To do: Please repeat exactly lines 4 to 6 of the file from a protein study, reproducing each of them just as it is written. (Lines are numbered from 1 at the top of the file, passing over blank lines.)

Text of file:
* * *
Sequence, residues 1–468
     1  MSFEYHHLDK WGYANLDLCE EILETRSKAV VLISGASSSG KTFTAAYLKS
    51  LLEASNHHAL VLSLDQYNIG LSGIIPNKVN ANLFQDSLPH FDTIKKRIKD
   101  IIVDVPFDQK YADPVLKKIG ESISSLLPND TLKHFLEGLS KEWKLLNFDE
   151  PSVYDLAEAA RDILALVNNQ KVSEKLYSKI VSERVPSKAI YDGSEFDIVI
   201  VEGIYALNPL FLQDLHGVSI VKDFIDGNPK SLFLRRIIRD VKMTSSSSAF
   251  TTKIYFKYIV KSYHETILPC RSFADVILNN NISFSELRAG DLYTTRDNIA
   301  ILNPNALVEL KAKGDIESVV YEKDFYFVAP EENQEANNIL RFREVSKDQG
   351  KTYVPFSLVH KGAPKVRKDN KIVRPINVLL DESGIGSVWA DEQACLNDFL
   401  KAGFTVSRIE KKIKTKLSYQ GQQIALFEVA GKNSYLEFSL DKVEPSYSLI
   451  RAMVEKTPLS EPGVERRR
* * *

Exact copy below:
   101  IIVDVPFDQK YADPVLKKIG ESISSLLPND TLKHFLEGLS KEWKLLNFDE
   151  PSVYDLAEAA RDILALVNNQ KVSEKLYSKI VSERVPSKAI YDGSEFDIVI
   201  VEGIYALNPL FLQDLHGVSI VKDFIDGNPK SLFLRRIIRD VKMTSSSSAF